Alison Freeland & Karen TatarynThe Ottawa Citizen
Date Published: Saturday, September 29, 2012
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Re: Suicidal teen's family fears for his life as he awaits help, Sept. 27.
The Citizen recently highlighted the issue of young people who are outgrowing child and youth mental-health services but having a hard time getting adult services because of availability and wait times.
This is not an issue that is unique to Ottawa, nor is it a new problem.
Over the past few years, there has been a significant increase in demand on the mental health system overall due to more awareness and vigilance in our community regarding recognizing and seeking treatment for mental health issues. In addition, Ontario has also focused on funding early intervention programs because the sooner a mental illness is treated, the better the chances for recovery. All together, this means that there are more people seeking treatment and many of them at a younger age.
To address this need, it is incumbent upon all care providers to provide the most efficient system we can. In Ottawa, we have put a program in place specifically to help ensure that the youth who need us don't fall through the cracks.
The Children's Hospital of Eastern Ontario and The Royal Ottawa Hospital have established a new initiative to help the most severely ill youth and their families through the transition to adult mental health services. The initiative takes referrals from hospitals as well as community mental health services and our co-ordinator works with the youth and the family to link them to the adult services they need.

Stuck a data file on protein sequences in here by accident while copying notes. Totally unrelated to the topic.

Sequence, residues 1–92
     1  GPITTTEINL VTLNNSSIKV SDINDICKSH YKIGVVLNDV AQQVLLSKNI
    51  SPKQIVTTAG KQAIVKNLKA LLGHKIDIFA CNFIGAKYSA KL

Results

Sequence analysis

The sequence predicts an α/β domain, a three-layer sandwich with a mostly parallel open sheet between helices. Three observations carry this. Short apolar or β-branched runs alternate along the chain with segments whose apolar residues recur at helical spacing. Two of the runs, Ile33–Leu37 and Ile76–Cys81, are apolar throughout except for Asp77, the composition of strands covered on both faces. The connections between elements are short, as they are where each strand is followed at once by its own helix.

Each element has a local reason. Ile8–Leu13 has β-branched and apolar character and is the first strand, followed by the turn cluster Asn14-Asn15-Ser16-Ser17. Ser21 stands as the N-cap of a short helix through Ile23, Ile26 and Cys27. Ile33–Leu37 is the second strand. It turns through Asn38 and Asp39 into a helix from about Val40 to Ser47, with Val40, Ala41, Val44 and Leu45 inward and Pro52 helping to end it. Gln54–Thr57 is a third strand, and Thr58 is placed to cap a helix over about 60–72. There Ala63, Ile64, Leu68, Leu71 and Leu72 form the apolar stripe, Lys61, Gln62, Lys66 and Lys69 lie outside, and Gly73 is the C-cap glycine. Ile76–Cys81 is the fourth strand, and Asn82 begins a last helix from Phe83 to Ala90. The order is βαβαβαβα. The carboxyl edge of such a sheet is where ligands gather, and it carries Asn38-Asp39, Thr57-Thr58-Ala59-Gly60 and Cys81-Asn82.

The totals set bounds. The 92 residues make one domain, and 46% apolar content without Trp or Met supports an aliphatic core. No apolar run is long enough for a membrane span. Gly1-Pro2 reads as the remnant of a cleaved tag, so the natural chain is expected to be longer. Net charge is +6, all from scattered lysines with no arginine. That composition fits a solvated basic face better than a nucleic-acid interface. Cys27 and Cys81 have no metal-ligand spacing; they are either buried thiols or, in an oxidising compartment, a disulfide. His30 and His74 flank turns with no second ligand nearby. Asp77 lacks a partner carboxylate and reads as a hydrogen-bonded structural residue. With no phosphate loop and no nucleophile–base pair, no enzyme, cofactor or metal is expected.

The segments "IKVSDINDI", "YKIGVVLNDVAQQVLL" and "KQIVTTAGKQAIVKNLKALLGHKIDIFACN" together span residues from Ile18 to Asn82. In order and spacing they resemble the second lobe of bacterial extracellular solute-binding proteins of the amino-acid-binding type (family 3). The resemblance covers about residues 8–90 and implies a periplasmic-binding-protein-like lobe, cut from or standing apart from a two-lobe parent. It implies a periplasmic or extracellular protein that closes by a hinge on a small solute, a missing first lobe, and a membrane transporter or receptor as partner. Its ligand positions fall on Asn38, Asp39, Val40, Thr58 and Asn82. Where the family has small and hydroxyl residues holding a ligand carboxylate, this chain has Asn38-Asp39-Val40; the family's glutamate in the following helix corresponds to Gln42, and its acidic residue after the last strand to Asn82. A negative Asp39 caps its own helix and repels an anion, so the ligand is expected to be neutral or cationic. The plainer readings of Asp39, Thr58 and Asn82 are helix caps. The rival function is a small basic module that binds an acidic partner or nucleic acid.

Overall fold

Mental health care means different things for different people; each case is unique so the transition from child to adult services is unique.
For some, it may mean a specialized in-patient program while for others it may mean support through a community organization or care which is managed by a family physician in consultation with a mental health specialist. This is why the transitional youth service has an advisory board in place through which we partner with a range of community service providers who are committed to making the transition as smooth as possible.
Good mental health care isn't just about what we do individually as institutions, but what we do collectively as a health system to support the ongoing needs of our community through different phases of life and different stages of illness. The program has been successful so far in improving continuity of care for those who need it most. The Champlain Local Health Integration Network has made a good beginning investment to co-ordinate services and offer intensive case management to young people between the ages 16 and 24.
Can we do better? Yes. Would more funding help? Of course it would. But until that becomes a reality, those of us entrusted with the mental health care of this community are committed to working together and with families to deliver the best care to everyone who needs it, when they need it.
Alison Freeland, MD, Associate Chief of Psychiatry, The Royal Ottawa Hospital
Karen Tataryn, Regional Director, Specialized Psychiatric and Mental Health Services for Children and Youth at CHEO and The Royal, Co-chairs of the Transitional Youth Advisory Committee.
(Please note that CMHO staff does not reply to comments that are posted on news stories.)